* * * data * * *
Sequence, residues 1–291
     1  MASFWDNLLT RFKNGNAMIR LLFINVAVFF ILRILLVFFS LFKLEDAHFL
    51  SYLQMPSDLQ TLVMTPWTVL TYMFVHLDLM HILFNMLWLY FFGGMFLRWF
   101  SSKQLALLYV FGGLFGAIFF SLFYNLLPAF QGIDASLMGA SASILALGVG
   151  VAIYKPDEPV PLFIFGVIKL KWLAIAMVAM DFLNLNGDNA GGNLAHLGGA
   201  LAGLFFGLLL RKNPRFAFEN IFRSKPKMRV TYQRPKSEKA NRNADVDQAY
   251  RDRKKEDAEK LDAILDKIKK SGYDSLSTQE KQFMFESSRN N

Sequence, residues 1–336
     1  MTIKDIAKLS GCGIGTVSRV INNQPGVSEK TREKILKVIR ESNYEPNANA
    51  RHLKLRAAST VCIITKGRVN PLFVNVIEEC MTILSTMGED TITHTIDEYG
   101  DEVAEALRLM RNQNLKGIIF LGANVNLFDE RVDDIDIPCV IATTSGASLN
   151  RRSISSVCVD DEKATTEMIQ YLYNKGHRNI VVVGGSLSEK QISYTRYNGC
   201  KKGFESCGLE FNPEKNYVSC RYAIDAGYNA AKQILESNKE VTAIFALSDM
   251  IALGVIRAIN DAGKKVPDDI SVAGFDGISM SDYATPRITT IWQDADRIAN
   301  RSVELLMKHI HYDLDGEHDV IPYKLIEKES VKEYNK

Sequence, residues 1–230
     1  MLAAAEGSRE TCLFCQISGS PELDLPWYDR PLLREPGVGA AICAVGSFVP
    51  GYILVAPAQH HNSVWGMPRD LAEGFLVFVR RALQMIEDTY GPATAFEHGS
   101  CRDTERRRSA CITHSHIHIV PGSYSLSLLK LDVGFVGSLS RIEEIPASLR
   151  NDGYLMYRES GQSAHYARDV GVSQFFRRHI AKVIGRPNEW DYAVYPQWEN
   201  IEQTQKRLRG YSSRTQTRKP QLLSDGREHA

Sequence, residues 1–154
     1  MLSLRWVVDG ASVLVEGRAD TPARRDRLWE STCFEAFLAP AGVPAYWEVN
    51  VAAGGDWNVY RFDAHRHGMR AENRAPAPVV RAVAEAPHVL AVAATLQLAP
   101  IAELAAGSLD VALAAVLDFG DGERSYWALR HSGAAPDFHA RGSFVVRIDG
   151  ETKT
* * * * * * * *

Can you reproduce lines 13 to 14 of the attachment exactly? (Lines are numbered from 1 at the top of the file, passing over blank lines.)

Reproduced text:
   201  KKGFESCGLE FNPEKNYVSC RYAIDAGYNA AKQILESNKE VTAIFALSDM
   251  IALGVIRAIN DAGKKVPDDI SVAGFDGISM SDYATPRITT IWQDADRIAN